19. How to design endSale • Choosing controller: Register • Setting Sale.isComplete attribute • By Expert, it should be Sale • Thus, Register will send a becomeComplete message to Sale

  20. How to design endSale - calculating the sale total • Not every interaction diagram starts with a system event message; they can start with any message for which the designer wishes to show interactions. • Who will send the getTotal message to the Sale? Most likely, it will be an object in the UI layer, such as a Java JFrame. (will discuss in a minute).

  21. Showing a method in a note symbol

  22. Fig. 18.13

  23. How to design make Payment

  24. How to design makePayment • Creating the payment • A payment p is created: consider Creator pattern. • Who records, aggregates, most closely uses, or contain Payment? • Two candidates: Register, Sale

  25. How to design makePayment -- Logging a sale

  26. Fig. 18.15 Logging a completed sale

  27. makePayment cont. Calculating Balance • Process use case the balance be printed on a receipt • MVS : we should not be concerned with how it will be printed, but we must ensure that it is known • Who is responsible for knowing the balance?

  28. Fig. 18.17 A more complete DCD

  29. Connecting UI Layer to Domain Layer • Common designs for objects in UI Layer to obtain visibility to objects in Domain Layer: • An initialized object (for example a Factory) called from starting method (e.g., Java main) creates both a UI and a Domain object and passes the domain object to the UI. • A UI object retrieves the domain object from a well-known source, such as a factory object that is responsible for creating domain objects.

  30. During start up or initialize system operation, an initial domain object , or a set of peer initial domain objects are first created. • This creation can be done in main, or in a Factory method • Initial domain object is responsible for creation of its child domain objects • Domain controller object reference is passed to UI objects

  31. Fig. 18.18 Connecting UI to Domain layers

  32. Displaying output • Once the UI object has a connection to the Register instance (the façade controller), it can forward system event messages, such as enterItem • For enterItem operation: we want the window to show the running total after each entry.

  33. Design Solutions for connecting UI to Domain Layer • Add a getTotal method to Register. • Delegates to Sale • Possible advantage: lower coupling from UI to domain layer (UI knows only Register) • But it expands Register interface and makes it less cohesive • A UI asks for a reference to the current Sale object, and then it directly sends messages to Sale • Increased coupling • However, coupling to unstable things is a real problem • For this case, Sale object can be made an integral part of the design – which is reasonable.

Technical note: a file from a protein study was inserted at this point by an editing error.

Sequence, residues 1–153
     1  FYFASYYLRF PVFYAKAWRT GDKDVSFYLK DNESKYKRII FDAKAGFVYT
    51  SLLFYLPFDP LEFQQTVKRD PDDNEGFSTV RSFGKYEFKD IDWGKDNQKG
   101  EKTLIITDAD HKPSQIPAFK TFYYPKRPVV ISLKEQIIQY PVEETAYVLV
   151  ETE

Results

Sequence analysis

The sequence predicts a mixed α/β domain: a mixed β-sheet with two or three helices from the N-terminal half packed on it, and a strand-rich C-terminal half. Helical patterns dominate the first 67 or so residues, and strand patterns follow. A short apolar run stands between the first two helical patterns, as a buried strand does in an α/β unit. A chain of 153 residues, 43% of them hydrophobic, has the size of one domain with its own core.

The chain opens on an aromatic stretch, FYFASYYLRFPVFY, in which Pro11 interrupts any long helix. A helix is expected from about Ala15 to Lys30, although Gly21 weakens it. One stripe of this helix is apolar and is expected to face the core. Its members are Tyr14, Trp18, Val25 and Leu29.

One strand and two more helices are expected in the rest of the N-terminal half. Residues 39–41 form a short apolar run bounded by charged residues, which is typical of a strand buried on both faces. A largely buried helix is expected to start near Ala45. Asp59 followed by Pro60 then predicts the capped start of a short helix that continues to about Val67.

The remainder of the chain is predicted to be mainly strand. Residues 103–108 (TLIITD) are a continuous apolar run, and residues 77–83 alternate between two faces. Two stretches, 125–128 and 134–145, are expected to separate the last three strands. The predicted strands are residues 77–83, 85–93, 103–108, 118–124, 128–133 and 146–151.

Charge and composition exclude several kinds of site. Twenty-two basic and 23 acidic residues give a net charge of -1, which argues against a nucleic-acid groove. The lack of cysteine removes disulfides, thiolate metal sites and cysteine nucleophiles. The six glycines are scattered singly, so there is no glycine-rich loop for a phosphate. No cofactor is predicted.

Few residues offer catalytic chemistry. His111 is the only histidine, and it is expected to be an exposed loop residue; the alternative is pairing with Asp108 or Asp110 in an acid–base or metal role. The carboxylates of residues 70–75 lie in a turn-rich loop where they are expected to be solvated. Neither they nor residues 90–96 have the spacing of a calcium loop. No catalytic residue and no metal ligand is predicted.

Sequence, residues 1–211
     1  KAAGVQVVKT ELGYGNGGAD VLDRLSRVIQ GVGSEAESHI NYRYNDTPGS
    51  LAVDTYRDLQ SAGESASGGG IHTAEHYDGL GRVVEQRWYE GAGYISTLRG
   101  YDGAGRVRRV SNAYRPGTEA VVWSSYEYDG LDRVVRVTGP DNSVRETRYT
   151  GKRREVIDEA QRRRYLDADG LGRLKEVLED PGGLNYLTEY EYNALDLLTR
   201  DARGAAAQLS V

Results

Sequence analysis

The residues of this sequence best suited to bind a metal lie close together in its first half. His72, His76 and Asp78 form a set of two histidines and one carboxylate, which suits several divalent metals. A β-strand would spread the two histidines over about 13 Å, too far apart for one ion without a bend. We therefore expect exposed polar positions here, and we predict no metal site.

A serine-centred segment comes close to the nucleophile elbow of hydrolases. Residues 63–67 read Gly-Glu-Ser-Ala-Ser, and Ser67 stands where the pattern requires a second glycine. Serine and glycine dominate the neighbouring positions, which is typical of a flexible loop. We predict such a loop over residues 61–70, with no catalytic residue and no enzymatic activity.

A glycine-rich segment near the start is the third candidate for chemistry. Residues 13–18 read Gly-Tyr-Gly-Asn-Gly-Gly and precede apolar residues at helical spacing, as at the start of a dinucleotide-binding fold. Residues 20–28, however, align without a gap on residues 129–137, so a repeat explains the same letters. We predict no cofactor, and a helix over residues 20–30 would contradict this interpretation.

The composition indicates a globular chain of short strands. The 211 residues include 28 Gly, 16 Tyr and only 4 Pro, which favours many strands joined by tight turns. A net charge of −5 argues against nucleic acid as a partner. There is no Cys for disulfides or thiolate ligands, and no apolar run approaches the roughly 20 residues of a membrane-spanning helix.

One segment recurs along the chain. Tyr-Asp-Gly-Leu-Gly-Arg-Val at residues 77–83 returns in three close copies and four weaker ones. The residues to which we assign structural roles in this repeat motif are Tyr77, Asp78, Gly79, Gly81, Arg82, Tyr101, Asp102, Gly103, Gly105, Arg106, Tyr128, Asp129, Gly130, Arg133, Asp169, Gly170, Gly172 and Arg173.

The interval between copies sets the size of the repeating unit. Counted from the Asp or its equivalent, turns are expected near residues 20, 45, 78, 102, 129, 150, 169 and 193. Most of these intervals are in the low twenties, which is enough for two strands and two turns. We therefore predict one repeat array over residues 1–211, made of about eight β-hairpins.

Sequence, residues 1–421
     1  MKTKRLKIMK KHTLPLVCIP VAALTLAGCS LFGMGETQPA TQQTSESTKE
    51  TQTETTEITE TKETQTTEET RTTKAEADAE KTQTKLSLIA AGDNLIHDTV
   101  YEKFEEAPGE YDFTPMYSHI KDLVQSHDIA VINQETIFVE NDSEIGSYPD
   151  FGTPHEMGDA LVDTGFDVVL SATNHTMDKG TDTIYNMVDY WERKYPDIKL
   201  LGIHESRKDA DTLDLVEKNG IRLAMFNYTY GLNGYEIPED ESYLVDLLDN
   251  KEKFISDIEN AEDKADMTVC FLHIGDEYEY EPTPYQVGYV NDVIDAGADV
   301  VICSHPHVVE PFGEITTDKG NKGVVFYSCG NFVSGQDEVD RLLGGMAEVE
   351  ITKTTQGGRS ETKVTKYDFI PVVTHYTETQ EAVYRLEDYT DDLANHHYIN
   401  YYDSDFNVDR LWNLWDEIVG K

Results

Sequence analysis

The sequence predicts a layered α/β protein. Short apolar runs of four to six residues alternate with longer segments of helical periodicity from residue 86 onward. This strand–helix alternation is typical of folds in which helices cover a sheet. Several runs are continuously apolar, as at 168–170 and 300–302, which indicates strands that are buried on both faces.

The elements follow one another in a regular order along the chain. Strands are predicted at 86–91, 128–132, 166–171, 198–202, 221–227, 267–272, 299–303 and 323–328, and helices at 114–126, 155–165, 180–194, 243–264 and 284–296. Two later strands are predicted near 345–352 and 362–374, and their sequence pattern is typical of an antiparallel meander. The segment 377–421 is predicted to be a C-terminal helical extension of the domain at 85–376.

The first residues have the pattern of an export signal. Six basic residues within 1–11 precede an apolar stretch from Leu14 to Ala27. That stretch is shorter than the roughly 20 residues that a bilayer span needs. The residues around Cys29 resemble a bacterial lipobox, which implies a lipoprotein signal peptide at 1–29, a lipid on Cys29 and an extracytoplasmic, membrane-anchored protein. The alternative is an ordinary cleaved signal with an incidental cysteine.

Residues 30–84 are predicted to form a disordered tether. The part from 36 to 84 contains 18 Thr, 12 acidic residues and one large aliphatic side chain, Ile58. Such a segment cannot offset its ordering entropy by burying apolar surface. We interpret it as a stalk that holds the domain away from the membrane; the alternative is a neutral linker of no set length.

34. Fig. 18.19

  35. Choosing Initial Domain Object • Choose as an initial domain object a class at or near the root of the containment or aggregation hierarchy of domain objects. This may be a facade controller, such as Register, or some other object considered to contain all or most other objects, such as a Store.

  36. Fig. 18.20 Store.create design

  37. Use Case Realizations for the Monopoly Iteration

  38. Fig. 18.21 Domain Model for Monopoly

  39. Fig. 18.22 Applying controller to the playGame system operation

  40. The Game-Loop Algorithm • Who is responsible for controlling game loop • Doing responsibility : Expert • What information is needed for the responsibility? • MonopolyGame is a good candidate for N rounds for each Player p p takes a turn

  41. Fig. 18.23 Game Loop Good OO method design encourage small methods with a single purpose

  42. Taking a Turn • Who takes turn? • Taking a turn means • Calculating a rnd # between 2-12 • LRG*: we’ll create a Die object • Expert: Die should be able to roll itself • Calculating new square • LRG: Board knows its squares • Expert: Board will be responsible • Moving player’s piece • LRG: Player know its piece • Piece knows its square • Expert: Piece will set its new location (but it will receive from its owner Player) • Who coordinates • Problem of Visibility *low representational gap between how we think of the domain and a straightforward correspondence with software objects.

  43. Fig. 18.24 Player takes a turn by Expert

  44. Fig. 18.25 Dynamic Design for playGame

  45. Fig. 18.26 Static Design for playGame

  46. Command-Query Separation Principle • A command method that performs an action (updating, coordinating) often has side effects such as changing the state of objects and is void (no return value); or • A query that returns data to the caller and has no side effects – it should not permanently change the state of any objects. A method should not be both Style #1 public void roll() { faceValue = random…. } public int getFaceValue() { Return faceValue; } Style #2 public int roll() { faceValue = random…. return faceValue; }

  47. Fig. 18.27 Creation Dependencies